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Hard Brexit & Green Cards

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By Ben Scott
Marketing Manager

With all the hullabaloo emanating from the Brexit negotiations, you may have caught wind of the repeated mentions of how a “hard” departure would massively disrupt our lives. From immediate recession, rampant unemployment, surges in immigration, planes being grounded, shops running out of food, hospitals having no medical supplies… and many other equally outlandish claims. The list goes on.

Amidst these absurd fear tactics however are the occasional partial truths and some regulatory change would be inevitable if we split from the bloc. That being said, minor disruption is hardly the end of the world. One such minor
disruption involves the right to travel to the EU by motor vehicle, without the need of arranging a Green Card. Currently the citizens of any country within the European Economic Area (EEA), which includes non-EU membership countries such as Switzerland and Serbia, are able to travel indiscriminately across borders. Until the European Commission ratify the agreement presented by Britain that negates the necessity for Green Cards, a “Hard Brexit” could see a marked return for the pesky document. Even driving between Ireland and Northern Ireland would require the prior arrangement of a Green Card.

“If you live in Northern Ireland and drive to the Republic of Ireland, or if you plan to drive your vehicle to mainland Europe after a no-deal Brexit, you will need a Green Card to prove you are insured. You should contact your insurer before you travel in order to get one. This advice applies to businesses as well as individuals.”
– Huw Evans, Director General for the ABI

What is a Green Card, you ask?

The Green Card is an official document, traditionally printed on green paper, that is presented at the border to prove you have insurance in place on the motor vehicle you are taking abroad. The Department for Transport [Dft] announced last September that there would be no charge for the issuing of a Green Card, whilst the Association of British Insurers noted that insurance firms however could apply a “small administrative charge” if they wished.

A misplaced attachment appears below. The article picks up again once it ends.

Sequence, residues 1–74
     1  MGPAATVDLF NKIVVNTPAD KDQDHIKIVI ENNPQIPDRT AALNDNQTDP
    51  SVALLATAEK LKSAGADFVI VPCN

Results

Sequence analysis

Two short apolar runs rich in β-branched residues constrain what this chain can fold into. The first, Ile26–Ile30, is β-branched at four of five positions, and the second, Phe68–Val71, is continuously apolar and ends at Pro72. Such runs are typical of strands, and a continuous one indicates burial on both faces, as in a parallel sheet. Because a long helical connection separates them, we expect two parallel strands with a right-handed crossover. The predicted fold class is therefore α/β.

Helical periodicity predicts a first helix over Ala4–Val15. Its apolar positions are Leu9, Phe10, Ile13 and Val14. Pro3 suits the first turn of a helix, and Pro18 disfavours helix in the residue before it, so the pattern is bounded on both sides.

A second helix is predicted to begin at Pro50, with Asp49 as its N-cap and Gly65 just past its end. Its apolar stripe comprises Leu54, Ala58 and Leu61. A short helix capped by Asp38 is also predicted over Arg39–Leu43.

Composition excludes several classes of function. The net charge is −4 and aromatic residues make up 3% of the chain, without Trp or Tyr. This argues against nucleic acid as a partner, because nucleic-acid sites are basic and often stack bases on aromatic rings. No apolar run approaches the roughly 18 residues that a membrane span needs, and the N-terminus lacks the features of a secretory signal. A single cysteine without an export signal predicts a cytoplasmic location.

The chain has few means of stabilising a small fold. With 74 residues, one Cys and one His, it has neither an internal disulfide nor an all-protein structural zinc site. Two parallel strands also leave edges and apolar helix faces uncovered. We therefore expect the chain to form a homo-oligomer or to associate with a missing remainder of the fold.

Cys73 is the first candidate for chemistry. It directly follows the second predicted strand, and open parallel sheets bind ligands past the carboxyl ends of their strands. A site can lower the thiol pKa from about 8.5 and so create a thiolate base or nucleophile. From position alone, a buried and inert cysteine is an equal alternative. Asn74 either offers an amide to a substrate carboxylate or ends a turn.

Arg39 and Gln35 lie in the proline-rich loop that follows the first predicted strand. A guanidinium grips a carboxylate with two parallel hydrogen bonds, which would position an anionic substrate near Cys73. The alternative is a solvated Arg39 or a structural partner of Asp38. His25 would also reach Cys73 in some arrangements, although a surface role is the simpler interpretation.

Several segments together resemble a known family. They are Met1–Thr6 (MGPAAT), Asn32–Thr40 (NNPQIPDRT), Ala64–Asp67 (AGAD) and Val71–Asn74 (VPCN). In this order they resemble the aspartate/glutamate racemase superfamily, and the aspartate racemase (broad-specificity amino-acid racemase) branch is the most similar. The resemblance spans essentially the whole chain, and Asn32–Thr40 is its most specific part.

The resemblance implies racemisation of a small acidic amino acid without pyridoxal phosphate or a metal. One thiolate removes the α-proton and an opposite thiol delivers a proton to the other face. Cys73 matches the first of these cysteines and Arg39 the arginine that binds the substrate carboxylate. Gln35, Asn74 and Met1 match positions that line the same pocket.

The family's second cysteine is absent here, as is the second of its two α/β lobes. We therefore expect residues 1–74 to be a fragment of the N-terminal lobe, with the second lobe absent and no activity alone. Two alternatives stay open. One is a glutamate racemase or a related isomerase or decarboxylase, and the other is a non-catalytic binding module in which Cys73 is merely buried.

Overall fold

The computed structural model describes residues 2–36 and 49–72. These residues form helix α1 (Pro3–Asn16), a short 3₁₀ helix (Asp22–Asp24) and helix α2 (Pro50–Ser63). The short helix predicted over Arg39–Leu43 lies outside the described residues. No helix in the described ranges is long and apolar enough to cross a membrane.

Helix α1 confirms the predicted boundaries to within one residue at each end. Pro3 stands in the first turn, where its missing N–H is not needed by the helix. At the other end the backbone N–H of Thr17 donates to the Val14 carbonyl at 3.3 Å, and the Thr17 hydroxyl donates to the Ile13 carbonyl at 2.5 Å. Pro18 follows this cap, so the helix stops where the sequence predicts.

In order to arrange a Green Card you would need to contact your insurance broker/company roughly a month before you intend to travel abroad with your motor vehicle.

“Whilst the Green Card Scheme is not European born, there is fear that the EU system of no border checks will no longer be applicable post-Brexit, meaning UK drivers travelling overseas would be required to obtain a Green Card or frontier insurance when driving across European borders. We are working to explore ways to ensure this retrograde step does not happen. Preserving the current system post-Brexit should be achievable and encouraged given that there are already other non-EEA countries which are no longer ‘Green Card Compulsory’.”
– Motor Insurers Bureau [MIB], Website
ferry transporting cars

"Frontier Insurance", what's that?

In brief, Frontier insurance refers to an insurance policy arranged inside a member state of the EEA for a vehicle registered outside of the EEA. Frontier insurance will only provide third party cover; this means that compensation will
be extended to any third party for losses caused by the policyholder, however the policyholder’s own damage will not be covered by the insurance.

Typically Frontier Insurance policies last between 30 days and one year. Arranging Frontier Insurance can be undesirable as this must be done in a foreign country, and will also incur a substantially higher premium than a Green Card issued by your current insurance broker/underwriter. A cursory look on Google will find you Frontier Insurance providers in whichever EEA country you are travelling too.

Should you be concerned? Not really.

Well, at least not yet.

The reality is that nothing is set in stone, and worrying about something that may never happen is as irrational as you can get. It is entirely plausible that the EU could ratify the agreement that was previously arranged to bypass the need for Green Cards or Frontier Insurance and render this whole conversation irrelevant. And even if the agreement is not ratified, how often do you actually take your vehicle to mainland Europe over the course of a year? Is requesting a Green Card from your insurance provider a month before you travel really that much of an issue? We don’t think so.

Ideally we will not need Green Cards, and remain able to travel freely within the EEA similarly to other non-EU members like Andorra and Switzerland. If not, well then we simply request a Green Card in a timely manner before departing. And even if we forget that, Frontier Insurance can be arranged to still allow us to take our vehicle overseas. The point being, it’s not a major issue, and definitely nothing to concern yourself with.

“Around 4.7 million drivers take their cars into Europe each year, excluding commercial traffic and I see no reason why that should change even after a hard Brexit. Insurers already issue green cards for drivers taking their cars beyond European borders and some ask for one for the additional comfort they provide in proving, if needed, that their car is insured. The green card is, after all, essentially a multi-language translation of your insurance certificate set out in an internationally recognisable format.”
– Janet Connor, Director of Insurance for the AA

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